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FAQs: Lasting Powers of Attorney

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Most of us understand the importance of making a will in order to ensure that our affairs are taken care of as we intended on our death. However, fewer of us consider the importance of Lasting Powers of Attorney (LPAs) and what would happen if we are no longer able to manage our affairs during our lifetime. 

As a population, we are living longer and, sadly, according to a recent study by Alzheimer’s Society, there will be as many as two million people living with dementia by 2051. Therefore, we should be aware of what would happen to our affairs if we, unfortunately, lost mental capacity.

What is an LPA?

An LPA is a legal document that allows an individual (the ‘donor’) to give someone (the ‘attorney(s)’) the power to act on their behalf to manage their affairs, if they were to lose physical and/or mental capacity.

There are, in fact, two types of LPAs. The first is for Property & Financial Affairs; this allows you to choose one or more attorneys to make decisions on your behalf in relation to your finances, including accessing your bank accounts or even potentially selling your home. This LPA can be drafted to allow your attorneys to step in at your discretion, i.e. whilst you still have the mental capacity or do not.

The second is for Health & Welfare; again, you may choose one or more attorneys to make decisions on your behalf, but this time in relation to your personal care - for example, where you live, your diet, and even medical treatment. However, unlike the Property & Financial Affairs LPA, this one can only be used if you lose mental capacity. A Health & Welfare LPA also includes the option of allowing your attorneys to give or refuse consent for life-sustaining treatment.

What happens if you do not have a Property & Financial Affairs LPA?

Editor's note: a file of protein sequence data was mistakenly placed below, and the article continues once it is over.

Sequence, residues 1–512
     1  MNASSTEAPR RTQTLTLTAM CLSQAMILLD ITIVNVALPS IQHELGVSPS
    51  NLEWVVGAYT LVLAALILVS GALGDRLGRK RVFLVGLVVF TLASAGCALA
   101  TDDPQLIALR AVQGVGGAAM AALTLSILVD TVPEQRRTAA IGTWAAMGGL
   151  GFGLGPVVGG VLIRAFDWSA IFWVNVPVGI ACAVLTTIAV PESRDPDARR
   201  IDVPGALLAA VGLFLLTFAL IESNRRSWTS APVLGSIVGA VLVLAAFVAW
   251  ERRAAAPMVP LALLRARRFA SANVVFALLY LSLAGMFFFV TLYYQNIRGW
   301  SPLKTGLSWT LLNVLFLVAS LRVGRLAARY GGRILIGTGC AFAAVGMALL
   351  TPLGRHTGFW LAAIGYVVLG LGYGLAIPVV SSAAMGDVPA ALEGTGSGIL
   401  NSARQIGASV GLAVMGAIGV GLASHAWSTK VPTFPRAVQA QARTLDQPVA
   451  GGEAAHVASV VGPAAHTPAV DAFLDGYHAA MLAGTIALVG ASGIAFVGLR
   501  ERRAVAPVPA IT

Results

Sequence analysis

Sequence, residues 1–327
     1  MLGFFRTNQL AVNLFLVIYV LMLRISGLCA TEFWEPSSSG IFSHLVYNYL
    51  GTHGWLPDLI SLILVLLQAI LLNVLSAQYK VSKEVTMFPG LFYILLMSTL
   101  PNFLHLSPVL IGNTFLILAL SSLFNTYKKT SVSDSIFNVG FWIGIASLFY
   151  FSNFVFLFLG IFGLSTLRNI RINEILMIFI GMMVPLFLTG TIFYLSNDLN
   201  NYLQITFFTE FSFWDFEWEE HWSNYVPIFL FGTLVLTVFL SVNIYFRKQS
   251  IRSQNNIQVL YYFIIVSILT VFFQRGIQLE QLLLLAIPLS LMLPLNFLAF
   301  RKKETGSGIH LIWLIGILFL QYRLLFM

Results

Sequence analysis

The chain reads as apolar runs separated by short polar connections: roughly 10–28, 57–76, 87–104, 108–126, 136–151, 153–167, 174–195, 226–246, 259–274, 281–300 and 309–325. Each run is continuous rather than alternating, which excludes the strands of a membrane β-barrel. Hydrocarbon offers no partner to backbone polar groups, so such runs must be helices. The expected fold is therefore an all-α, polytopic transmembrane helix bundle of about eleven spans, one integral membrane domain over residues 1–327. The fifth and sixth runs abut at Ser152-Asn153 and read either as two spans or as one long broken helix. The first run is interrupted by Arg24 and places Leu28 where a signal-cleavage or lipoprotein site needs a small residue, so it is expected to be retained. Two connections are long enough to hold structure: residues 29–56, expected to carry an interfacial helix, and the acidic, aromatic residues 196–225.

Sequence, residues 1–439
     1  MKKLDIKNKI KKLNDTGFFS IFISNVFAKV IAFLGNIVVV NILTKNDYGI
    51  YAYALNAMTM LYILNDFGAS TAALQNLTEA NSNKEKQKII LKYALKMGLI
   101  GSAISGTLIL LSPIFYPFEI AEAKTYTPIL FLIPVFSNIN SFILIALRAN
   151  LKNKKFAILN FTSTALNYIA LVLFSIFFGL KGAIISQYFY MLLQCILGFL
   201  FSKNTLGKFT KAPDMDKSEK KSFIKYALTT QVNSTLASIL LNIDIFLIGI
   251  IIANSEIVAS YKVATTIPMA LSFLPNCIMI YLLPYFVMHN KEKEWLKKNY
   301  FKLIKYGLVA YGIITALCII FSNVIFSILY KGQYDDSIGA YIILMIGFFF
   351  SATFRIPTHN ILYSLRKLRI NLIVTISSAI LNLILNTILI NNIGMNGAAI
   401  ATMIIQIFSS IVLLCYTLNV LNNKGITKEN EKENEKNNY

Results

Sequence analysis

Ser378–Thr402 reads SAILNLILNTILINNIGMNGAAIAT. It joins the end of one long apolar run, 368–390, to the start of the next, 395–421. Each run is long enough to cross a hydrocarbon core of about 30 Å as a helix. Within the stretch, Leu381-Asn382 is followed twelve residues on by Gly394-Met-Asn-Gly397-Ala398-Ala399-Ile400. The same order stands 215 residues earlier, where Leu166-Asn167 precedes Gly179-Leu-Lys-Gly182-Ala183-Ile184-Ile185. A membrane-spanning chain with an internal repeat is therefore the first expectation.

In the event that you were to lose mental capacity without a Property & Financial Affairs LPA in place (or an Enduring Power of Attorney), sadly no one can make such decisions on your behalf without authority to do so. Therefore, it would be necessary to apply to the Court of Protection for a Deputyship Order, which is significantly more expensive and more time-consuming than an LPA application, and so this is sensible to avoid.

What happens if you do not have a Health & Welfare LPA?

However, if you were to lose mental capacity without a Health & Welfare LPA in place, then medical professionals would make any decisions necessary, acting under the ‘best interests’ principle.  A friend or family member could apply to make health and welfare decisions on your behalf via the Court of Protection, but these are very rarely accepted and usually seen as a last resort in a complicated or highly problematic matter.

What next?

As you can see, LPAs can be invaluable not only to those of us who are unfortunate enough to lose mental capacity but also to the friends and family who are left to pick up the pieces during an already difficult time. So, if you do anything today, you may wish to consider who you would like to look after your affairs in the event you lose mental capacity,